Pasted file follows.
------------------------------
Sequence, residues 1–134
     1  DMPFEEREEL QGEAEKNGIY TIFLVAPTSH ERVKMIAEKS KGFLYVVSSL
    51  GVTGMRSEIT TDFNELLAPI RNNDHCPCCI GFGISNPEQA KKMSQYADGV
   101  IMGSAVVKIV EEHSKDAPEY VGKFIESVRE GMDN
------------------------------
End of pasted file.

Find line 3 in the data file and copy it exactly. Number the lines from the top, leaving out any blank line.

    51  GVTGMRSEIT TDFNELLAPI RNNDHCPCCI GFGISNPEQA KKMSQYADGV